by J J Cohen
This morning I watched my son as he frantically attempted to master the complicated jazz piece he is playing at tomorrow's recital. Despite the admonitions of his piano teacher, he doesn't yet have it memorized. The performance Sunday at 4 PM is an absolute deadline. I've often talked to him about how he can send a gift to his future self by mastering early what he needs to know by a certain deadline -- whether a musical piece or the formation of the subjunctive for French verbs. He's 14, so he seldom listens. (His sister, on the other hand, is ready to go with her simplified "Für Elise" and a song she composed herself, "The Music Box." She is just as eager to bow theatrically at the recital as she is to play the songs.)
I try to live the philosophy of gifting your future self as much as you can. Something you may have noticed about yesterday's post (beside the fact that misidentified an indifferent heron for a lucky crane): none of the essays I completed in draft are actually due immediately. For me, the best way to be productive is to resist being deadline-driven. If I organize my work schedule around when essays or talks are absolutely due, then I am likely to fill in the intervening time with "working" on the project. Those "scare quotes" are meant to indicate that the amount of labor will expand and thin. If I know I have an essay due in a month, I am likely to spend that month on the essay. Work will spread itself to fill all available time.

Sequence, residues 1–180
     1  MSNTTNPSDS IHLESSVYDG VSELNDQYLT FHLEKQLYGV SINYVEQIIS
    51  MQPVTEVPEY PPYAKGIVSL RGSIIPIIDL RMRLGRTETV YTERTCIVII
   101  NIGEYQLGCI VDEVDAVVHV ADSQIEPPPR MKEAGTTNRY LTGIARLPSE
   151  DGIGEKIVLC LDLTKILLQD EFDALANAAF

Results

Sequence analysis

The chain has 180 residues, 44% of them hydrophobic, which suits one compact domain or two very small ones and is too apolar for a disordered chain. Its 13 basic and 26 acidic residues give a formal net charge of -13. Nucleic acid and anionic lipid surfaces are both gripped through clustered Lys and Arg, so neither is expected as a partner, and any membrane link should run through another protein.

When this expansion happens I end up not practicing what I preach to my students: revising my writing with the benefit of some distance. Over the years I've learned to set and abide by self-imposed deadlines so that I'll have time to put the project away for a while, and return to it fresh. I manage what is due via a work schedule I keep on Google Calendar and Tasks (a system I developed over the past few years as the number of my commitments proliferated beyond my ability to remember them). Don't get me wrong: this system doesn't always work. I do break promises to myself, and I am capable of inflicting the worst predicaments upon future Jeffrey. Deadlines before deadlines are an ideal rather than a consistently practicable reality.
But sometimes the system works. The Race essay is not due until the end of this month, the queer inorganic piece in August, and the giants entry on Sept. 1. Of course, that doesn't mean that next week is nothing but late rising and poolside mojitos: I have a special issue of postmedieval that needs a great deal of attention, and two talks to write, especially because I'll be traveling from the end of July right through August (Australia and Maine).
Which is not to say that at some point today I won't go to the neighborhood pool, and afterwards enjoy ... well, maybe not a mojito, but a summer drink of bourbon, ginger ale and fresh mint. Meanwhile, I'm keeping my fingers crossed for my son. Tomorrow is going to be quite a day for him.